“If you had come to see me this time last year you would not have made it through the door.” She was depressed, her situation grim. Sophia is fiercely independent, the school of hard knocks tends to make it hard to let people into your life.
The daughter of Macedonian parents, Sophia holds the traditional values dear. “I wanted to be a nurse before I left school, I also knew that with hard work I would be able to carve out a career for myself”.
Sophia did exactly that, working in various roles. Initially training on the wards at Larundel Hospital with people with a range of psychological and intellectual disabilities. “In those days it was called an asylum and people tended to stay”. Sophia moved on to another psychiatric institution Janefield where she worked with children with intellectual disabilities, particularly children whose disability was severe. Following her time there Sophia went on to St Vincent’s where she worked as a ward sister.
During this time Sophia had married and started her family, life was good, she had built her dream home in St Andrews along with a holiday home Flowerdale. Unfortunately, this was all to come crashing down around her. Sophia was involved in a workplace accident that resulted in the loss of the use of her legs.
From living a life that was rewarding at a personal and professional level, Sophia plunged into a downward spiral. Sophia’s husband who could not cope with her disability, resulting in Sophia moving into the holiday home and then into another house in Flowerdale.
Hammerfall number three. Saturday, 7 February 2009 – Black Saturday.
“It could have been worse if her son?? Alex had had not called her about a dream he had, and said we should go and stay with him.” Sophia was living with Jesse (her youngest son), when the fires came through, she would not be here now if she had not taken Alex’s prediction seriously. Twelve people died on Black Saturday in Flowerdale and neighbouring Hazeldene. Just what happened when the fires hit Flowerdale on that weekend remains a mystery. But it must have been horrific.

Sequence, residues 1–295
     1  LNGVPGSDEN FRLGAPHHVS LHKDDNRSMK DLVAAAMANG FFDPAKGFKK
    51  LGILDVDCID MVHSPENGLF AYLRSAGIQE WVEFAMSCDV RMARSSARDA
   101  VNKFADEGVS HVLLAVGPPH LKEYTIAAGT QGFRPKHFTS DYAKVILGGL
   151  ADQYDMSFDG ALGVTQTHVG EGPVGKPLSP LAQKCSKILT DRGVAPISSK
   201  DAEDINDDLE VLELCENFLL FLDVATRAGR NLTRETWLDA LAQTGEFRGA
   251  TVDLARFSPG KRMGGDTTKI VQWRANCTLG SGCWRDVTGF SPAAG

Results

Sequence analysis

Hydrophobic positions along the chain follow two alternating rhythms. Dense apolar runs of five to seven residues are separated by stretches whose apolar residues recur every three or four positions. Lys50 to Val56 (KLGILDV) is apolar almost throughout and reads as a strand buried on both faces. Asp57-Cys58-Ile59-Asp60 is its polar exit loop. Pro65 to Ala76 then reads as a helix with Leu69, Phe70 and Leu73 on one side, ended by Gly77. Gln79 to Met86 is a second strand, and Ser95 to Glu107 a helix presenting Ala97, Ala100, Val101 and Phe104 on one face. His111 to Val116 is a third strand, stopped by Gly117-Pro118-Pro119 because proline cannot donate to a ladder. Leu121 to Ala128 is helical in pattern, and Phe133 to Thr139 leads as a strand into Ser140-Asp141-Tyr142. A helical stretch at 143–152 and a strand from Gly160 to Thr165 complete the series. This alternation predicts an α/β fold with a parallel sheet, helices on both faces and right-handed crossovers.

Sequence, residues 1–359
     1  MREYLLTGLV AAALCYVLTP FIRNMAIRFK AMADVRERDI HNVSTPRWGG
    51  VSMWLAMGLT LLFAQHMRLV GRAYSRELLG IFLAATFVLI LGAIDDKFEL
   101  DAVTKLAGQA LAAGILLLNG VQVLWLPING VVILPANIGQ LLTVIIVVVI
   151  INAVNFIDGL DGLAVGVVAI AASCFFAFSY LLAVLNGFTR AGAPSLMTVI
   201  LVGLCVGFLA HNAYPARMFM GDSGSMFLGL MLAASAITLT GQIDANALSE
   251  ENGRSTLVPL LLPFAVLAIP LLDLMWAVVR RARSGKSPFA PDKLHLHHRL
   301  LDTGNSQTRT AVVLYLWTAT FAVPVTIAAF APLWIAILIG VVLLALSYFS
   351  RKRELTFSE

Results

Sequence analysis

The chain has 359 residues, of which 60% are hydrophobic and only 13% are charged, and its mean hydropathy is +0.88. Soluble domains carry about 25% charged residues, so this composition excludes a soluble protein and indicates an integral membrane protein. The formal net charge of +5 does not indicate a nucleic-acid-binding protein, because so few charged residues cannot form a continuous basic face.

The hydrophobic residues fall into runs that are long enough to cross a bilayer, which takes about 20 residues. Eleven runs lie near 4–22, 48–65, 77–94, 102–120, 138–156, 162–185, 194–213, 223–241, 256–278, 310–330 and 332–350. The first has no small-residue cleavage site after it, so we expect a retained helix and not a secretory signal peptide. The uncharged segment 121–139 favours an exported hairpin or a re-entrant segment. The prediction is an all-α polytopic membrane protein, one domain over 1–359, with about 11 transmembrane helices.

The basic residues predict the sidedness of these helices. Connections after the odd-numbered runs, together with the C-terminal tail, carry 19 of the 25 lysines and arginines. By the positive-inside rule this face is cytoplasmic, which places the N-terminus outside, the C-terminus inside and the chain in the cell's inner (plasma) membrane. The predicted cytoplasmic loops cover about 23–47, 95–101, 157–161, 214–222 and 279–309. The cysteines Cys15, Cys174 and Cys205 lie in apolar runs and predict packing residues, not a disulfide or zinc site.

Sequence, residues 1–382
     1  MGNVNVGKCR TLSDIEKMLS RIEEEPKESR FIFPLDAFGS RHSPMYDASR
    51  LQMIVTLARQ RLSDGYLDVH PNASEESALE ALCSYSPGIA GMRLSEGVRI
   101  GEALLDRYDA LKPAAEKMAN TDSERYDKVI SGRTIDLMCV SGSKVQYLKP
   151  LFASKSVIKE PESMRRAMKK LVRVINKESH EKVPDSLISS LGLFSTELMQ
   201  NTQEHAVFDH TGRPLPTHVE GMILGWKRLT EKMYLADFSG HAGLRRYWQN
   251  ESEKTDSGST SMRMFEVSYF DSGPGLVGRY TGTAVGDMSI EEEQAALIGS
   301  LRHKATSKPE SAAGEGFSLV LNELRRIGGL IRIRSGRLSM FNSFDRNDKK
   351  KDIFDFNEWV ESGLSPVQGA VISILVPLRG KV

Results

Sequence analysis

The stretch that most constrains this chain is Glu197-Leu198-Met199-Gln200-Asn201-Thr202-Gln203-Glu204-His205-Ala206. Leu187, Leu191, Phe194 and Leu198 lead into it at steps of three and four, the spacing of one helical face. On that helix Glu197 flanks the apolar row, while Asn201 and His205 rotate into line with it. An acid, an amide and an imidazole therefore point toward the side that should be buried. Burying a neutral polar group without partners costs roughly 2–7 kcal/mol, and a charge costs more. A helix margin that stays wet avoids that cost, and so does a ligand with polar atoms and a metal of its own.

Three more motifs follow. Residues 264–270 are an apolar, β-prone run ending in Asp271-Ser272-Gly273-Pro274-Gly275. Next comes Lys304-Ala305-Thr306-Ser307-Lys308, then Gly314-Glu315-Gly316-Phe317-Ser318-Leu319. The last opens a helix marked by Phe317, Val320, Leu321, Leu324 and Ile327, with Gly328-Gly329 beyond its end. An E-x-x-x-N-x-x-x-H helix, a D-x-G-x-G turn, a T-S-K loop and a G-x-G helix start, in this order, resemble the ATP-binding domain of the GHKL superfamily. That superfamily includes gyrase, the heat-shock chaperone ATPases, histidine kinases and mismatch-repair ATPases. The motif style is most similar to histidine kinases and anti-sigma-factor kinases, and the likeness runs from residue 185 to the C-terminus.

It had been 24 years since Sophia accident. She had lost her homes, her partner and all her possessions. Housing was the priority; the Government found an apartment in Thornbury. “I was happy to move there as I had grown up locally, but the place was an absolute shithole, the water ran down the inside of the window when it rained. I was not receiving the support I needed, furniture and other items that had been promised did not turn up. I was at rock bottom”.
Sitting with Sophia, it was difficult to imagine her as a defeated woman. She has a strong and vibrant personality, certainly not someone who would not stand up for her rights. Finding the right home was vital, giving her the confidence to go out into the community the icing on the cake. “Janelle (IDS Individualised Support Manager) Corinne (IDS Support Staff) have been wonderful, getting to the core of my problems and providing me with solutions”.
Sophia has seen a lot in the 33 years she has lived as someone living with a disability many of the barriers and attitudes towards people with disabilities persist. However, there also seen many positive changes, promoting community activities and inclusion.
Sophia’s is now actively involved in the community, regularly attending art classes and other classes. She put a smile on my face, and I felt humbled by her story and determination.